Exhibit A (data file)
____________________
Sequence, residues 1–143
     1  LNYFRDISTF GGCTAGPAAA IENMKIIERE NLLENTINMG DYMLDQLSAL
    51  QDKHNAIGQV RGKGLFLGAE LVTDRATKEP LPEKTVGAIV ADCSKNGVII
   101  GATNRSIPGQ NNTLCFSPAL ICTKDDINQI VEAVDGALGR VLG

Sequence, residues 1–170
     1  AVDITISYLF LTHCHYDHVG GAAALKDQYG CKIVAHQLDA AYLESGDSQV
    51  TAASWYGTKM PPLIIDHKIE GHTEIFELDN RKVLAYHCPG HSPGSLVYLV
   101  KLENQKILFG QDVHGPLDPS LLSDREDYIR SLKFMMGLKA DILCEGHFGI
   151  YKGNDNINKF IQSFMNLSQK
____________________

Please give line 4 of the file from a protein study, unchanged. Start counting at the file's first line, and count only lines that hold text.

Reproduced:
   101  GATNRSIPGQ NNTLCFSPAL ICTKDDINQI VEAVDGALGR VLG